"As a society, it does us no favours to continue to tiptoe around mental health issues, as they may have life-altering consequences. Instead, we should consider mental health and physical health as equally important, and in tandem with one another."
But how do we as a society tackle something as huge as eliminating the stigma surrounding mental health?
Fahmi and Wee stress the importance of starting young, by educating primary school children about mental health issues.
Wee plans to file parliamentary questions about introducing mental health topics in primary schools.
"Because once we can nip the problem in the bud, then that's when, as they grew up, they will be more empathetic towards people with mental health conditions," says Wee.
Fahmi agrees, pointing out how our response towards mental health has to change as we become more enlightened.
"Just reflecting back at last time, when we were young, we were naughty that time. When we would see youth who were not stable, we would tend to mock them — we laugh, make fun of that.
Now, with a better understanding of mental health, instead of mocking or laughing at them, we should approach and tell them what help we can give to him."
Destigmatising seeking help
Sharing a story about a young woman who came to him at a Meet-the-People session, Fahmi explains why it's important to address the fear of seeking help when it comes to addressing mental health issues.
The woman's mother — the sole breadwinner of the family — had relapsed and was sent to IMH, and the young woman was left to take care of her elderly grandmother. The young woman was under immense stress, and said that she did not know where else she could go for help.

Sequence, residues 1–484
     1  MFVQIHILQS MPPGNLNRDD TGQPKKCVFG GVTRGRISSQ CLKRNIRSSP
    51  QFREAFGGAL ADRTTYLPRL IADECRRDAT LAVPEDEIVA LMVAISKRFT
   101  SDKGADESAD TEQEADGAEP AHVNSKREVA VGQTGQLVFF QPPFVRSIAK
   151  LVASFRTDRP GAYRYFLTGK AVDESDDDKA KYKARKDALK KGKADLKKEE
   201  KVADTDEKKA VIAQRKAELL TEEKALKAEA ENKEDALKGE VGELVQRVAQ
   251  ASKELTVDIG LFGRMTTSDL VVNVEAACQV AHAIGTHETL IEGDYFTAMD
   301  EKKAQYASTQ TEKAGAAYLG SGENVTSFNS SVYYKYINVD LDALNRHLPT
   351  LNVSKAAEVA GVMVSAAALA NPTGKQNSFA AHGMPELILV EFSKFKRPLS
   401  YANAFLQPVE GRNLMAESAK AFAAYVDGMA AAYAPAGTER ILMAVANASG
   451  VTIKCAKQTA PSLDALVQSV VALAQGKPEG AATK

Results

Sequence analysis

Despite doing very well in school and earning a bursary for her studies, the woman was worried that her bursary might be affected if she sought mental health help.
"The fear prevents them from taking the first step of seeking help, because they don't want to be branded, and they don't want to lose the opportunity, lah."
Fortunately, changes are happening in Singapore to decrease the stigmatisation of mental illness, like in the workplace, for example.
In January 2020, the Tripartite Alliance for Fair and Progressive Employment Practices (TAFEP) updated its guidelines to advise employers that they shouldn't ask job applicants to declare personal information such as mental health condition, "unless there is a job related requirement".
It also stated that employers should remove all declarations on mental health conditions from job application forms.
Looking forward over the next five years
Fahmi believes that change in the mental health sphere will come from having more youths' voices, and that he is looking forward to initiatives such as the Youth Mental Well-being Network, which was announced in February 2020 by then-Minister for Social and Family Development Desmond Lee.
"Once we have this conversation at the youth level — a very targeted conversation — I think at the policy level, we'll be able to make some tweaks and make some changes."
Fahmi's hope is that, over the next five years, Singapore can aim toward having no more suicides, similar to the goal of having zero workplace accidents on construction sites.
This can be done through early detection, assistance provided upstream, and better training, he says.
Wee hopes that there will be an attitude and mindset change, where people will treat mental health patients with the same empathy they show to patients of chronic illnesses.
This is his advice for anyone struggling with mental health issues:
"When you have problems, you need to share with your friends or seek help, and to not be concerned that you'll be judged.
There are hotlines out there, whereby you can just call them in the middle of the night and share your sorrows. So this is the first step for what you do if you suspect you are undergoing some mental stress."
Top photo via Wee's and Fahmi's Facebook pages. Quotes have been edited for clarity.